For Sale- Best to Read the Fine Print


This Craigslist ad for a 1978 Datsun Z-car seems pretty straight forward, aside from some chuckle-worthy spell-check errors- leather sits, neck turner, etc. But when buying anything, it’s always a good idea to read the fine print before taking the plunge.

This looks like a fairly decent Fairlady Z, and at an asking price of $7,499, it’s not too dear. But don’t get too excited about it without giving the entire ad a good read.

The seller, when he’s not providing evidence that English is isn’t his primary language, gives a good description of the car, and enthusiastically promotes its virtues. But while all that seems encouraging, there’s something alarming that comes up in his keyword list-


That salvage title is a red flag that’ll send many a buyer to greener pink slips when perusing the fertile fields that is Craigslist.

Another thing to note is that, while he is listing Dodge Viper, BMW and Mercedes in his keywords, he neglects to list Datsun or 280Z. Craigslist much?

San Francisco Craigslist


  1. Cut the price in half and prove that it's been inspected and road worthy then maybe we'll talk.
    To be completely honest, here in Alberta salvage titles mean almost nothing. All you need is a proper inspection to be passed after it gets fixed and you're good to go. Since this thing looks like it's been rebuilt and sits in great shape there probably wouldn't be a problem if it was in my neck of the woods.

  2. I hate Craigslist! This guy can put all kinds of false keywords in his posting, but I put "obo" after the price in my post and they flag it for removal…Nice looking Z though, but not $7500 nice, especially when you factor in the salvageness.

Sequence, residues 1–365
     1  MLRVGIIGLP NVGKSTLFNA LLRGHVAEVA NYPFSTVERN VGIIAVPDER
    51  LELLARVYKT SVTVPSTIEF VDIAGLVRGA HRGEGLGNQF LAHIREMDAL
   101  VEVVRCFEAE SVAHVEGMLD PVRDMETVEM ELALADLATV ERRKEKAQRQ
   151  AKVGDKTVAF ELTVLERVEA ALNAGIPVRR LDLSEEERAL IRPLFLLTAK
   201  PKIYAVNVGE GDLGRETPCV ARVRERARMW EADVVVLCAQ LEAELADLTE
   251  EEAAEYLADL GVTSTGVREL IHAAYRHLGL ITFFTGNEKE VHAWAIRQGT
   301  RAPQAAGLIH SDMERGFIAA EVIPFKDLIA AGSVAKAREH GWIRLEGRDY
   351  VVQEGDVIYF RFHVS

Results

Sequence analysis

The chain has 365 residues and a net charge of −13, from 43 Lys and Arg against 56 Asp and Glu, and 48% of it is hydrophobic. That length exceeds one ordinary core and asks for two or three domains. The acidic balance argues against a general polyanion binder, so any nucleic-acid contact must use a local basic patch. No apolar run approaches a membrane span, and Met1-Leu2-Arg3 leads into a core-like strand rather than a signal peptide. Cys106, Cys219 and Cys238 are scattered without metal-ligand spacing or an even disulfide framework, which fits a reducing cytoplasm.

I often wonder…if you were to sell your salvage title vehicle to someone in another state, and then buy it back a short time later, if the newly issued title would end up being clean? Someone needs to try it and let me know if it works. I would do it, but I have not come across a salvage title vehicle in a while.

    1. Supposedly, title washing can still be done by evil operators. This is probably how they do it. But, if you provide a "Salvage Title" to an out of state DMV, the new state should recognize this and issue their equivalent. I think the problem is that some states don't brand their titles in this way, so if you bring the registration through such a state, voila, clear title.
      The national title database that was supposed to be created in 1992 but still isn't up and running yet was going to cure that problem, but I suspect that even when it is up and running, it will only handle post-1981 vehicles for which there is a 17-digit VIN.
      For the same reason, Carfax and Autocheck are unlikely to help verify this vehicle's, er, obvious authenticity in this situation.
      Worse yet, in quite a few states, you don't even need a title to register a car that's more than 10 years old; a "bill of sale" (a.k.a. some words written on a napkin?) is all you need.

  3. The traditional but ad wasn't getting any traction so I once wrote a long-winded classified ad for a Volvo V70 I couldn't seem to sell. The ad included many, many other cars and models and the path of logic I lead the reader down was, of course, to bypass that Lambo and buy my used Volvo. It got flagged and removed a few times but it also generated a number of emails and calls. Emails and calls from crazy people who wanted to chat but not buy the car. It eventually sold through a ad.

    1. That's the problem with making an ad that only a crazy or stupid person can tolerate: it generates calls from crazy and stupid people.

    2. Not sure if you 'mericans use Kijiji, but up North in Canuckada it's a huge success and features much less aggressive post-removal, spammers, and scammers.

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